People who golfed on the Park City municipal course in the 1980s and the 1990s drove, chipped and putted 18 holes that Pace Erickson had much to do with on a daily basis.
More recently, Parkites drove on roads snowplowed and kept in shape by Erickson's crews.
Erickson, the operations manager in the Public Works Department, is retiring from the municipal government on Friday, after having worked for City Hall since 1984.
He started as the superintendent of the golf course and was promoted to overseeing the Parks Department as well four years later, holding the position of superintendent of parks and golf from 1988 until 1997.
Erickson, who is 50 years old, eventually was tapped to manage the operations of the Public Works Department, one of the most challenging jobs in the City Hall hierarchy. One of his duties is overseeing the annual maintenance schedule for streets, as the roads that will receive a fresh layer of asphalt or other upgrade are selected.
"I think it's certainly in a lot better shape than when I first started," Erickson said about the department's operations in an interview as his retirement approached.
Erickson acknowledged he holds a job that does not receive much praise when the work goes well but is criticized when there are problems. Erickson and his crews consider the operations have been successful if there are not many complaints afterward.
Erickson since 2002 has overseen the snow-removal operations, one of the higher-profile parts of the job. City Hall has received complaints over the years about snow removal, but Erickson said the operations are "excellent."
Park City's snow removal efforts include snowplowing and hauling operations when the snow has piled up in, particularly in Old Town. Critics have targeted the length of time it takes for some streets to be plowed and how long the snow banks are left before they are hauled away.
Erickson, though, contends the crews have been more frequently conducting what he dubs 'mini-hauls,' or taking the snow from Main Street and storing it somewhere else nearby before trucking it to a storage site well outside Park City neighborhoods.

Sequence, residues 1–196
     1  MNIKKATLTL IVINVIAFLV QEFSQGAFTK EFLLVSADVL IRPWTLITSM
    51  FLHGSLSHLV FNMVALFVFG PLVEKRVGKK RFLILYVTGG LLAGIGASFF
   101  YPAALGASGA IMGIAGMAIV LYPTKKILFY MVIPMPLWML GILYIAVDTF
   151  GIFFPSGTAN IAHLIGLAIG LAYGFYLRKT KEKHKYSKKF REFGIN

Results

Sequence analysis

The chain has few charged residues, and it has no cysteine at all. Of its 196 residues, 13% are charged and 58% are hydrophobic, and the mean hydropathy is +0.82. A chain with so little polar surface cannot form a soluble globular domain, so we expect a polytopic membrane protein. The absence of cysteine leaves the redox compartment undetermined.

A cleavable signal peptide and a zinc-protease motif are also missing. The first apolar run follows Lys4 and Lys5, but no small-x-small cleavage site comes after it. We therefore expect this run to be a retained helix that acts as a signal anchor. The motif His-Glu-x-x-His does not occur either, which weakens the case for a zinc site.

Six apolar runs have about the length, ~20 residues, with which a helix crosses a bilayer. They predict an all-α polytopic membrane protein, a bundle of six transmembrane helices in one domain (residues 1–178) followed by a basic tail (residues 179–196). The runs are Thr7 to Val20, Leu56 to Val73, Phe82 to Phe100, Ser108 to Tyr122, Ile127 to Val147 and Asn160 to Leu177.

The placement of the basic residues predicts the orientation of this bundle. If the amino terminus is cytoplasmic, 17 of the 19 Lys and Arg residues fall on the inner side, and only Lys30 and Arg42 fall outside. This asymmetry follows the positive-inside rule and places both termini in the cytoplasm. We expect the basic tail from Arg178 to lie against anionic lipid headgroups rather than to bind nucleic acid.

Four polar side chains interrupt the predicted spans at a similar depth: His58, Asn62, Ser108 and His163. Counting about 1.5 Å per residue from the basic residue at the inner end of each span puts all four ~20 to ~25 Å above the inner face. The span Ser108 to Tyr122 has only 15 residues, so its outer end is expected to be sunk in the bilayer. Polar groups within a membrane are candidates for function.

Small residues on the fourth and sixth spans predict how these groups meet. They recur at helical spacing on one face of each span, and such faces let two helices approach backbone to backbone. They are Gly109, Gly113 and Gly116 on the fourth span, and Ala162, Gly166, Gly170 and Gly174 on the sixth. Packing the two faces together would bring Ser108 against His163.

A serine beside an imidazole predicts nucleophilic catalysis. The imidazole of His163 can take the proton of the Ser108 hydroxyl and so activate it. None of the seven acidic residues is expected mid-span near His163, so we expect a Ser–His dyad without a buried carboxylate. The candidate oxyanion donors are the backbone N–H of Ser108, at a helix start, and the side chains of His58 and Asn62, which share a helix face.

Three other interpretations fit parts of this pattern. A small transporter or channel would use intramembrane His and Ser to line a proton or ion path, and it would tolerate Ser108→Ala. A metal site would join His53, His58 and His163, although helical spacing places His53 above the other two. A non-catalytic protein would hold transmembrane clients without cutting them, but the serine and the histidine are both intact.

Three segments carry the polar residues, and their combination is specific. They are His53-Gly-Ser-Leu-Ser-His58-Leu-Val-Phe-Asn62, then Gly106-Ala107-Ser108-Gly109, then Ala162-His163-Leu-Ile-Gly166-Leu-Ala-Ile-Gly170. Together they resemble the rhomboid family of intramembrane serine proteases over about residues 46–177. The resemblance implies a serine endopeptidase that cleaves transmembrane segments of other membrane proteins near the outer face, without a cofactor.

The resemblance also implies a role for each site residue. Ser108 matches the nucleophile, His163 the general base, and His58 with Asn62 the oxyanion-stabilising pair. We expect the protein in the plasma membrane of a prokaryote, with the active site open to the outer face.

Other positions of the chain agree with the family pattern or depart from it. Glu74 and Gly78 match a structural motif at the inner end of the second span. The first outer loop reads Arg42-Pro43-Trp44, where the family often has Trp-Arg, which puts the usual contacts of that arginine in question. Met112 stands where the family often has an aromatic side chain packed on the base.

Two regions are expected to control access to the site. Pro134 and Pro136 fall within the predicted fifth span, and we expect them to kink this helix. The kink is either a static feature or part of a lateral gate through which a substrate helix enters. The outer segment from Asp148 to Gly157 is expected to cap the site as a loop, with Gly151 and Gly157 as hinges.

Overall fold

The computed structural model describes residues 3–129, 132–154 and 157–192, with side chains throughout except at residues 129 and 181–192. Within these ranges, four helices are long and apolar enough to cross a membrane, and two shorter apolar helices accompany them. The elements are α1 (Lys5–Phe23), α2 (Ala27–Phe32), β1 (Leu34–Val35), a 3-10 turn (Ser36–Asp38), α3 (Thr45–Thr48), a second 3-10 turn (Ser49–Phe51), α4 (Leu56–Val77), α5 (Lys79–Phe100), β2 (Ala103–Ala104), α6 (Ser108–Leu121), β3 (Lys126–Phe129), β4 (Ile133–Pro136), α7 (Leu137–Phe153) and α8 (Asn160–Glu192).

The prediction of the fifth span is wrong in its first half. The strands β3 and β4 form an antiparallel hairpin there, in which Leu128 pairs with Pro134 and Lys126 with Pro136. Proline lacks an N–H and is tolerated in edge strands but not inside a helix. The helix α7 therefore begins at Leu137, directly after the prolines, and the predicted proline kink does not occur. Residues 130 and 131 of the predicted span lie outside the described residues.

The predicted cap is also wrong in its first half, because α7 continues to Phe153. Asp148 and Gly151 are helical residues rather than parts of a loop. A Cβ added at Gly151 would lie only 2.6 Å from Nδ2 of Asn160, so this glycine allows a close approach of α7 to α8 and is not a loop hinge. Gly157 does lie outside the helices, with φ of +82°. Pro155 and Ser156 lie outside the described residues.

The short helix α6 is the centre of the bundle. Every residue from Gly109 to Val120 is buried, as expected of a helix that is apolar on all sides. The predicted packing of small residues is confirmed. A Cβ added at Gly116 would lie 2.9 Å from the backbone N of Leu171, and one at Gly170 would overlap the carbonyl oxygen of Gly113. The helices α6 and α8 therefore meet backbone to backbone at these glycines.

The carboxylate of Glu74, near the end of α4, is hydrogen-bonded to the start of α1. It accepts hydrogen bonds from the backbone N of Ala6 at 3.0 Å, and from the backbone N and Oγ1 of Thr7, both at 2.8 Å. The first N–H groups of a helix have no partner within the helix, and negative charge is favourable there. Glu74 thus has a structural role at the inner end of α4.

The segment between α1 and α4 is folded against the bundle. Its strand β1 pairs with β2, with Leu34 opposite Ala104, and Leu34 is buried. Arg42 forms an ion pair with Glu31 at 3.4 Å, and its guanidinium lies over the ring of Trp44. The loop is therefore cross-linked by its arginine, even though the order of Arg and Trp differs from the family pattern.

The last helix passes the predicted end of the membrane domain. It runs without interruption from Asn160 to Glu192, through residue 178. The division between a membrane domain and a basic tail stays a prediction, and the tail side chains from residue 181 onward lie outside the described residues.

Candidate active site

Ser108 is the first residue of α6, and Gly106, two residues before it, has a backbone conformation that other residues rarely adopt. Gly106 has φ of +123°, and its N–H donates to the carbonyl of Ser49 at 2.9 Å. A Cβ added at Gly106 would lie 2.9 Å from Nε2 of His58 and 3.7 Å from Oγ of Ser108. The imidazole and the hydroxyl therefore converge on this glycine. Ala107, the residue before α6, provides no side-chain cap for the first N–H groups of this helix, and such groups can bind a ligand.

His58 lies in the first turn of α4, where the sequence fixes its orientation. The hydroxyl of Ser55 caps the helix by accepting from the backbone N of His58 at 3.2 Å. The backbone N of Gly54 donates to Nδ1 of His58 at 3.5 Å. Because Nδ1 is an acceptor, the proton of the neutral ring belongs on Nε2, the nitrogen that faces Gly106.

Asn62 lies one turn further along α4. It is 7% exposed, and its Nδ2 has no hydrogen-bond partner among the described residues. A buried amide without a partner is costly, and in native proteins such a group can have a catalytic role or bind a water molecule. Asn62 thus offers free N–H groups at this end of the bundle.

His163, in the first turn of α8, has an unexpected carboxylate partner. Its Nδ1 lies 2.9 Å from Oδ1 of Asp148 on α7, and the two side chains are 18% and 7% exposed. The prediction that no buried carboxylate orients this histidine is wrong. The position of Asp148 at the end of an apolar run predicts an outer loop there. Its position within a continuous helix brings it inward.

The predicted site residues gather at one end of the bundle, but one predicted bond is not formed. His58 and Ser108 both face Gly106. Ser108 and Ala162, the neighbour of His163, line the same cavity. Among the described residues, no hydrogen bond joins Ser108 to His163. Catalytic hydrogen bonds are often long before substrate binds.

"I think Park City is getting a very, very, very high level of service . . . They're very excellent services," he said about the snowplows.
Erickson is one of 14 City Hall staffers with at least 25 years of employment with the municipal government. His tenure ranks him No. 11 on the City Hall list.
He started at a time of transition in the community. There had already been a wave of newcomers in the 1970s, but the boom years of the 1990s were still more than a half a decade from starting. The municipal government of the era remained a far smaller institution compared to what it has become in the years since.
Erickson said City Hall nowadays is managed better than it has been at any point during his career. He said Tom Bakaly, the city manager from 2003 until this year, brought a team-based environment to the municipal government that, though difficult for some to embrace at first, was successful.
Two career highlights included the work during the 2002 Winter Olympics and the golf course earning accolades from a national magazine. Erickson said a newscaster during the Olympics labeled Park City the cleanest place he'd been to. Meanwhile, in the 1990s, Golf Digest ranked Park City in its list of the top 100 municipal golf courses, Erickson said. He said the golf course was once in bad shape and was derisively referred to as a goat ranch based on the condition.
Erickson wants to spend time with his parents in his retirement. He also wants to travel, with France as one of the places he wants to go. Erickson said he might consider pursuing a degree in the culinary arts and becoming a chef someday.